The Sea Wolf HTML version
At once we moved aboard the Ghost, occupying our old state-rooms and cooking in the
galley. The imprisonment of Wolf Larsen had happened most opportunely, for what must
have been the Indian summer of this high latitude was gone and drizzling stormy weather
had set in. We were very comfortable, and the inadequate shears, with the foremast
suspended from them, gave a business-like air to the schooner and a promise of
And now that we had Wolf Larsen in irons, how little did we need it! Like his first attack,
his second had been accompanied by serious disablement. Maud made the discovery in
the afternoon while trying to give him nourishment. He had shown signs of
consciousness, and she had spoken to him, eliciting no response. He was lying on his left
side at the time, and in evident pain. With a restless movement he rolled his head around,
clearing his left ear from the pillow against which it had been pressed. At once he heard
and answered her, and at once she came to me.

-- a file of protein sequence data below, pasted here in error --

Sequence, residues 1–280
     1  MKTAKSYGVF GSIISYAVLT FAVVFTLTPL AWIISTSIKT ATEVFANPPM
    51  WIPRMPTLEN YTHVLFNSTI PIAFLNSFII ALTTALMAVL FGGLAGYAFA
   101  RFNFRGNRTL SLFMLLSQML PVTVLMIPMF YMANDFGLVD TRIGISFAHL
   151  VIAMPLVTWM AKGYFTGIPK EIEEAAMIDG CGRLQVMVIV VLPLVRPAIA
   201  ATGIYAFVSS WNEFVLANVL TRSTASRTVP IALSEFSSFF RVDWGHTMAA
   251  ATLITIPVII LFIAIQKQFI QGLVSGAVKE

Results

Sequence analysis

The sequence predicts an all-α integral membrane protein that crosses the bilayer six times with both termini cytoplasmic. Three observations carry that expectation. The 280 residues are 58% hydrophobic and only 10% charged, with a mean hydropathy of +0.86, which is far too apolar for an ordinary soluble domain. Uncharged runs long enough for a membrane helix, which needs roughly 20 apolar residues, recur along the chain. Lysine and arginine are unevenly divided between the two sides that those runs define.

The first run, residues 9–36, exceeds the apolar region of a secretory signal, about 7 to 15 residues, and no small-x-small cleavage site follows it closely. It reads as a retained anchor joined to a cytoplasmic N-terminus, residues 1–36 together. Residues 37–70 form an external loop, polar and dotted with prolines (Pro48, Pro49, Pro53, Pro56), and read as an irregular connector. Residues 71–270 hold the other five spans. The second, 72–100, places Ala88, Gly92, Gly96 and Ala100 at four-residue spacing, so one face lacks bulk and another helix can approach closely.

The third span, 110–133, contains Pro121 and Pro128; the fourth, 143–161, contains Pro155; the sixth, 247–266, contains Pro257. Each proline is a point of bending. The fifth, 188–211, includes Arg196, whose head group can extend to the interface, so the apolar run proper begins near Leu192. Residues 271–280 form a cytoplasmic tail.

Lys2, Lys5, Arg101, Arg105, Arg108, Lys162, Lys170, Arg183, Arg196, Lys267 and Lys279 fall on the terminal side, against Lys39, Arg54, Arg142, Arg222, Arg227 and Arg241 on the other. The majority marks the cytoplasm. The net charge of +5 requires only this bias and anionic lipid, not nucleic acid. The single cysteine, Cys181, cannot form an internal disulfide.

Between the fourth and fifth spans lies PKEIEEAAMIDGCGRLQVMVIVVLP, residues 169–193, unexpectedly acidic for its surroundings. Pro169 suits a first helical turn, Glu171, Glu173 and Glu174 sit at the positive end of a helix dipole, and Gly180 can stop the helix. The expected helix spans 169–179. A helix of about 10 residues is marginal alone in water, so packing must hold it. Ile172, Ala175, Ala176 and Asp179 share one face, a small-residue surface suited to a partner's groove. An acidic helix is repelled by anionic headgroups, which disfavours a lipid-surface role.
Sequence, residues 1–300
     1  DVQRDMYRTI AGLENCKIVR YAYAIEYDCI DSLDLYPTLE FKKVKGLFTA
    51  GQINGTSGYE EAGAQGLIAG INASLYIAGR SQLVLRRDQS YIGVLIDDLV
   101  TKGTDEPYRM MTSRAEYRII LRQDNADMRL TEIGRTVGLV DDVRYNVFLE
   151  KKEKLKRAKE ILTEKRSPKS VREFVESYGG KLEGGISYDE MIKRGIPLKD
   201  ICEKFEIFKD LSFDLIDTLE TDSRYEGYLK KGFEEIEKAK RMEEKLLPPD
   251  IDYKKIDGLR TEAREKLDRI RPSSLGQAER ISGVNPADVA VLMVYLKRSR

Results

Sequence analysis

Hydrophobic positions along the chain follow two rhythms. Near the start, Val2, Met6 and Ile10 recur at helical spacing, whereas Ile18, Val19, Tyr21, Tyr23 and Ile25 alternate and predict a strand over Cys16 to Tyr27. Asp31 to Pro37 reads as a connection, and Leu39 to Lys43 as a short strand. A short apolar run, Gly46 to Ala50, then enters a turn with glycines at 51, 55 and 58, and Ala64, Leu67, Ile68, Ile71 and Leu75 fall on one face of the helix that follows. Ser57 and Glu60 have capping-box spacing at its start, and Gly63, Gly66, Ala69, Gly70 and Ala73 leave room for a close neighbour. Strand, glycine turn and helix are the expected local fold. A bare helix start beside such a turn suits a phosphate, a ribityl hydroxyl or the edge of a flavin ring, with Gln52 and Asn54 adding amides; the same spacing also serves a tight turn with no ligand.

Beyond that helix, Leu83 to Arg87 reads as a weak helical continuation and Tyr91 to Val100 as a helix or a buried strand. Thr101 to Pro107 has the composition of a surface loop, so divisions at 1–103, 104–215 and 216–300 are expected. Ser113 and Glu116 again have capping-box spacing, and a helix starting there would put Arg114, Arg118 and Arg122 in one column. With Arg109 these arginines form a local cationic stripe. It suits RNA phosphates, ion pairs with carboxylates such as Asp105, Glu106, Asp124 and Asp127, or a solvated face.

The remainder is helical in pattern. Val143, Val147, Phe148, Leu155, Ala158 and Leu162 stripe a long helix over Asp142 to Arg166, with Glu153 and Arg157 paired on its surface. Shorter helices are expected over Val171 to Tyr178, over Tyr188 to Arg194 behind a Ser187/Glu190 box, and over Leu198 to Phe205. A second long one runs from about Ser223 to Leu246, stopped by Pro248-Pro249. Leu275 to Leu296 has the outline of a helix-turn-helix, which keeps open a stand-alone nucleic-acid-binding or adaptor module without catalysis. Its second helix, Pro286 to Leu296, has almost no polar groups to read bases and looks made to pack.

Pressing the pillow against his left ear, I asked him if he heard me, but he gave no sign.
Removing the pillow and, repeating the question he answered promptly that he did.
"Do you know you are deaf in the right ear?" I asked.
"Yes," he answered in a low, strong voice, "and worse than that. My whole right side is
affected. It seems asleep. I cannot move arm or leg."
"Feigning again?" I demanded angrily.
He shook his head, his stern mouth shaping the strangest, twisted smile. It was indeed a
twisted smile, for it was on the left side only, the facial muscles of the right side moving
not at all.
"That was the last play of the Wolf," he said. "I am paralysed. I shall never walk again.
Oh, only on the other side," he added, as though divining the suspicious glance I flung at
his left leg, the knee of which had just then drawn up, and elevated the blankets.
"It's unfortunate," he continued. "I'd liked to have done for you first, Hump. And I
thought I had that much left in me."
"But why?" I asked; partly in horror, partly out of curiosity.
Again his stern mouth framed the twisted smile, as he said:
"Oh, just to be alive, to be living and doing, to be the biggest bit of the ferment to the
end, to eat you. But to die this way."